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How can I get more involved in feminism?

(4 Posts)
stumblymonkeyremix Tue 21-Mar-17 18:02:58

I've always identified as a feminist....this has become stronger as I've got older.

I'm quite passively involved though...I am very open about my feminism, share things on social media, etc but how can I get more involved in the cause in an active way?

Any and all ideas welcome...

wrappedupinmyselflikeaspool Wed 22-Mar-17 03:53:52

You could start by volunteering somewhere if you have the time. Rape crisis services are always desperate for fundraisers and/or helpline staff so you could find out what your local service needs and raise funds for that or give some time. Or similarly for a local women's refuge or the national charity Refuge.

There's an excellent and varied organisation called the End Violence Against Women Coalition that has loads of campaigning information on its website for national and international causes that support women and girls so you might get some inspiration there.

There are lots of charities that support girls in other countries to educate, avoid FGM etc. I just raised some money for Care International by selling a few books. Very simple, not a massive amount but every little helps.

You could read a lot of feminist books starting with Mary Wollstonecraft and working your way forward through history, taking in British feminist writers from different backgrounds depending what your specific interests are. There are some good social histories by Sally Alexander, and I really like Landscape For A Good Woman by Caroline Steedman which is a book about working class women who are aspirational and don't fit the standard view of happy matriarch. There are loads of new writers coming through in the U.K. as well, and much more varied backgrounds. I also really like Virginia Woolf's Room of Ones Own, some people think Woolf is just too posh to have anything useful to say but her writing is brilliant no very sarcastic I love it and I am northern from a working class background. Also US feminists, especially women of colour in the US who I think have written some of the best texts around. Bell hooks, Elizabeth Berkeley Brown and Kimberle Crenshaw spring to mind. I often talk to people who are feminists but haven't done much of this reading and I think it's good to have a decent grasp of the subject as a whole. Because this will help you talk to other women and girls who have bought into the whole feminism is man hating idea.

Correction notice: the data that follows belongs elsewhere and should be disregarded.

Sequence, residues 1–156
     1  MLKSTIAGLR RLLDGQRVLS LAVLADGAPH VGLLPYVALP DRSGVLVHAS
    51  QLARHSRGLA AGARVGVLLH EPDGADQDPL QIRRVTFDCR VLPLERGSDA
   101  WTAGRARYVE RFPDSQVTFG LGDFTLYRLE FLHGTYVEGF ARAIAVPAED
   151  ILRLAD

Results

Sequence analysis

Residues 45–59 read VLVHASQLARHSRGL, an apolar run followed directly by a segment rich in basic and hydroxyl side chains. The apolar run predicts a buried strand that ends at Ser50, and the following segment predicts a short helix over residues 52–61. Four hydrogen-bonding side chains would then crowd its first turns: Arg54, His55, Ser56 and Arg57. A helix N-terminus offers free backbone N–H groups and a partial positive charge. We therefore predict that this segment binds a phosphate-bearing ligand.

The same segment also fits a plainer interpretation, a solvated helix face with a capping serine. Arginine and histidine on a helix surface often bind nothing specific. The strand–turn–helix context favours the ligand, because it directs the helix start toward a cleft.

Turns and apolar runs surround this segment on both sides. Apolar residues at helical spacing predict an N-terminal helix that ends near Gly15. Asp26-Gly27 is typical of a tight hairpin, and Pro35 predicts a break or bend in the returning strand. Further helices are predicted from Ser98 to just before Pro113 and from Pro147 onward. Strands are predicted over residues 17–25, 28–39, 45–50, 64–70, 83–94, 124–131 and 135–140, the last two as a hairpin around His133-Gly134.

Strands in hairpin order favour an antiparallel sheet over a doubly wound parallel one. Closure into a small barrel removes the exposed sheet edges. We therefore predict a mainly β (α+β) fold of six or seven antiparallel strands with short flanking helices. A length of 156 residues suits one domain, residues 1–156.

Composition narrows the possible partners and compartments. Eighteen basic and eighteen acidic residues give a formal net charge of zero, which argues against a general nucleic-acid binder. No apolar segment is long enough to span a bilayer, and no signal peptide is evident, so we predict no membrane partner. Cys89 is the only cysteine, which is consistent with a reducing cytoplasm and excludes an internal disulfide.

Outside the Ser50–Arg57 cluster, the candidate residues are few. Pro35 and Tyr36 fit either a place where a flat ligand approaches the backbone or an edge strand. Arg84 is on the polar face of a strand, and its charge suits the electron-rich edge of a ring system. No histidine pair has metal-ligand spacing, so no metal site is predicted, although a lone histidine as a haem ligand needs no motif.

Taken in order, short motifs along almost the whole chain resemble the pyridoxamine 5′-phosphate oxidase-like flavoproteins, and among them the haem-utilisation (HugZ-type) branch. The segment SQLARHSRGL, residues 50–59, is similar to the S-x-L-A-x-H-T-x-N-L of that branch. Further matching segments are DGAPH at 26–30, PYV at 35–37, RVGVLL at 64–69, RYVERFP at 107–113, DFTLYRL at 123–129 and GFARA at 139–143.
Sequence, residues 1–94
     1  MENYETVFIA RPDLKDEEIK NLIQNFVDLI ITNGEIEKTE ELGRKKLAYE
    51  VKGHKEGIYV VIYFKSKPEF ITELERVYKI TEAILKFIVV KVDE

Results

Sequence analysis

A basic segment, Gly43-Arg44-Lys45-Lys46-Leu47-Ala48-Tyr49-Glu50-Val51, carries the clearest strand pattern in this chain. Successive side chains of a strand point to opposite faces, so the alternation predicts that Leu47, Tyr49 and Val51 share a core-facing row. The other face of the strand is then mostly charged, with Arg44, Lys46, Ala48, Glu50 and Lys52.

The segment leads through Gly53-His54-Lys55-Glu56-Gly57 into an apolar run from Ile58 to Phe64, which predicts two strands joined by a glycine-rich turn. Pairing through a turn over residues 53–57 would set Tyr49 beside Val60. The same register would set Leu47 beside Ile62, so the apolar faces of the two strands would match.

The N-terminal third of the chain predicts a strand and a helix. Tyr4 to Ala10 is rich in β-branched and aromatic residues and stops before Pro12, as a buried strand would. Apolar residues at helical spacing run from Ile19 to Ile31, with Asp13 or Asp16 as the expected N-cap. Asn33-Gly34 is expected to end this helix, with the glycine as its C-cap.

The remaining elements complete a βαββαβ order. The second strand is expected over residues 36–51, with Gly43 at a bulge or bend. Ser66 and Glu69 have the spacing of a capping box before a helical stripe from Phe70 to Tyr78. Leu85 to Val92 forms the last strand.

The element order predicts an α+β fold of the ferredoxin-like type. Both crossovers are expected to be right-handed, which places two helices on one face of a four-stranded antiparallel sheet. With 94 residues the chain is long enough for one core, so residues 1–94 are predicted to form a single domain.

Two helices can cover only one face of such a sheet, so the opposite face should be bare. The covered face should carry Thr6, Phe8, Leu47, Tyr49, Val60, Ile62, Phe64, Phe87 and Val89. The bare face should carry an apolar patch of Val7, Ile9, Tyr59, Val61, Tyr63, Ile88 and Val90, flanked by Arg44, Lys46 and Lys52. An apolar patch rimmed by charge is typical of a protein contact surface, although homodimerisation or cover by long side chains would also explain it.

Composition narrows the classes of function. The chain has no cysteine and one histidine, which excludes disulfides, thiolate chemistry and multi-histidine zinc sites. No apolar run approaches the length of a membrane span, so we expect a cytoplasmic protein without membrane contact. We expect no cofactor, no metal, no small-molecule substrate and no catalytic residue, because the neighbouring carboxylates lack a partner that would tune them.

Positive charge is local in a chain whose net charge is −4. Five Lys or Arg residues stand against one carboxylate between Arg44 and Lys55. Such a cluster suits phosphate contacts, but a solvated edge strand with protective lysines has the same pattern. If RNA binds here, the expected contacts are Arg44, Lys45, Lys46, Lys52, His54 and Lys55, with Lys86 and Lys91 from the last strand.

You could write to your MP on subjects that affect women and girls. There's the Gender Identity Bill coming up lots of threads on here about that.

You could do informal feminism, so maybe be a mentor for a girl. I have a policy of always helping girls if I can and also a policy of non criticism of other women. I might think critical things but I don't pile on. I might criticise ideas more generally but If individuals are wrong they will learn for themselves. Luckily I work in a profession where this is easy to do. You don't have to state that it is a feminist act, just do it.

TimeforANewTwatName Wed 22-Mar-17 06:49:17

wrappedup Great post.

EnidColeslaw771 Wed 22-Mar-17 10:13:36

I volunteer for a women's aid. I started doing it because it helps with that horrible depressing powerless feeling that can be induced by social media. It makes me feel like I'm doing something. I also take a twitter break periodically for mental health reasons.

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